The state is preparing to petition the High Court of Justice and request a further postponement of the decision in the petition asking for recognition of Reform and Conservative conversions, until the forging of government policy on the subject is completed.
In about two weeks, the six-month “ceasefire” reached by Prime Minister Benjamin Netanyahu last June with the ultra-Orthodox coalition parties and with the Reform and Conservative petitioners will be over. During this period, work was suspended on both the non-Orthodox conversions and the Haredi parties’ law establishing the Chief Rabbinate’s monopoly on conversions in Israel.
Former Justice Minister Moshe Nissim, appointed by Netanyahu to formulate government policy on conversions, has held meetings in recent weeks with all the relevant bodies, but says he needs more time to formulate his recommendations to the government. Therefore, according to several media outlets citing sources involved in the matter, the State Prosecutor’s Office is expected to ask the High Court to postpone for another three to six months its ruling on the petition.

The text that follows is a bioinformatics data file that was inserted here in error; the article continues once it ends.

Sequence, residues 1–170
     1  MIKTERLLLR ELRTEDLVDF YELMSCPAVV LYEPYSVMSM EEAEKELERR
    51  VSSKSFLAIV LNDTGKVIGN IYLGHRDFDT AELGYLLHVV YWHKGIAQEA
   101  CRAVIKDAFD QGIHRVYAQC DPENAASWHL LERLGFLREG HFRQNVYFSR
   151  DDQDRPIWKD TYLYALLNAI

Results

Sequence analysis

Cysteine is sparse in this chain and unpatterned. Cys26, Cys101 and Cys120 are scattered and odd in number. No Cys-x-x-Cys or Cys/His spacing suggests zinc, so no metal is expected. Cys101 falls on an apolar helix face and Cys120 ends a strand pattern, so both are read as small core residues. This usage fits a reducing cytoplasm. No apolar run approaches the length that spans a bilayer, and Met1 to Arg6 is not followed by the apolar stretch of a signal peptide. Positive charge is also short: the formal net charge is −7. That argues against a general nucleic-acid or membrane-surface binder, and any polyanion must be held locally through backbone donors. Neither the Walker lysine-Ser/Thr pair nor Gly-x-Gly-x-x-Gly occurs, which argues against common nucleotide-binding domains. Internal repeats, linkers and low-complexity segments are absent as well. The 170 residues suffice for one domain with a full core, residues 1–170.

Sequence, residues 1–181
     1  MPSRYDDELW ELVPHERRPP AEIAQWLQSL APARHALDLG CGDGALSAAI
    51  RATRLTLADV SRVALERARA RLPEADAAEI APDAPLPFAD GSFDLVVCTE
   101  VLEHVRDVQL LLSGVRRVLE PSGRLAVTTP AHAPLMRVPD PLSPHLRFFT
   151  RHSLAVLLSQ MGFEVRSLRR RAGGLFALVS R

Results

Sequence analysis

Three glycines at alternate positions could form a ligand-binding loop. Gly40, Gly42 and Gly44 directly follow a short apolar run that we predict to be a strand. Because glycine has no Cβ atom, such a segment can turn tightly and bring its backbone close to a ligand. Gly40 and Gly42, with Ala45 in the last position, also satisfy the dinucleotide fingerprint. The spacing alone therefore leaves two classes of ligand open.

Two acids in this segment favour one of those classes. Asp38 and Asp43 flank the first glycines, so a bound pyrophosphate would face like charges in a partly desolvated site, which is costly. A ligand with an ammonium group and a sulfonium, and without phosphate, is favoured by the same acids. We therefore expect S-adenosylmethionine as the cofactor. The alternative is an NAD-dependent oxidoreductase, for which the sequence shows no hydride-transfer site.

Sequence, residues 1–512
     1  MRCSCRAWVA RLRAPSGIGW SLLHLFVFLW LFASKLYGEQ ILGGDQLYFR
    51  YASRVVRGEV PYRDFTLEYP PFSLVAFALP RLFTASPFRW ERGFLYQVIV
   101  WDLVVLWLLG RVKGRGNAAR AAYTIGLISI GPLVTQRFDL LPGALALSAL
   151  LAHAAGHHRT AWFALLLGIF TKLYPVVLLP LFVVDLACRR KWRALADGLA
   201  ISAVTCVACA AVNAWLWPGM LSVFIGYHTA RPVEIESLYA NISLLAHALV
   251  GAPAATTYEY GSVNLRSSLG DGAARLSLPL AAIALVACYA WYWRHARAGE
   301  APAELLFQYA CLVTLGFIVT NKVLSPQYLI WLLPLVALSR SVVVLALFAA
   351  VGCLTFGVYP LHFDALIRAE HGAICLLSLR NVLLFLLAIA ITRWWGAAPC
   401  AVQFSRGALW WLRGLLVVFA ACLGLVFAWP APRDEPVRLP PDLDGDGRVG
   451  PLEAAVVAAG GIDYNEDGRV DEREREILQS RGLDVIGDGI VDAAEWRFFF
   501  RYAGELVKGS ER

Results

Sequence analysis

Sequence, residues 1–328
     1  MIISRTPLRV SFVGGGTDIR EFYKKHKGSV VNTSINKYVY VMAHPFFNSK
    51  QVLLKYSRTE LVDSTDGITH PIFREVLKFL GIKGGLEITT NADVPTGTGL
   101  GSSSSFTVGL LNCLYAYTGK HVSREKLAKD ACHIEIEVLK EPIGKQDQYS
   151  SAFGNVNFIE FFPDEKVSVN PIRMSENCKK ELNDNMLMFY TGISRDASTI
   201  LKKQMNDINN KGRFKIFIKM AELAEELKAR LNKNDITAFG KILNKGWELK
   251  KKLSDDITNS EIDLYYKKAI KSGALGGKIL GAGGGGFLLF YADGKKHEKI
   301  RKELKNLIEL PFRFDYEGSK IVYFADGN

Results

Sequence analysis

According to Israeli media, Nissim only began to work on his assignment in November. He told the Jerusalem Post on Monday: “I don’t think it will be possible to finish in the next two weeks. I’m meeting with lots of people, and I need to hear from everyone, and you can’t write a document in such a short amount of time.”
Despite grandiose claims by various pro-Reform and Conservative media about the enormous popularity of non-Orthodox Jewish movements in Israel, the definitive survey, issued in March 2016 by the Pew Research Center (Unlike US, few Jews in Israel identify as Reform or Conservative), asked Jews in Israel whether they identify with any of the non-Orthodox streams of Judaism, and got bubkas:
“In Israel, very few Jews identify with Conservative (2%) or Reform (3%) Judaism, while half (50%) identify with Orthodoxy – including many Jews who are not highly religiously observant but may still be most familiar with Orthodox Judaism. About four-in-ten Israeli Jews (41%) do not identify with any of these three streams or denominations of Judaism.”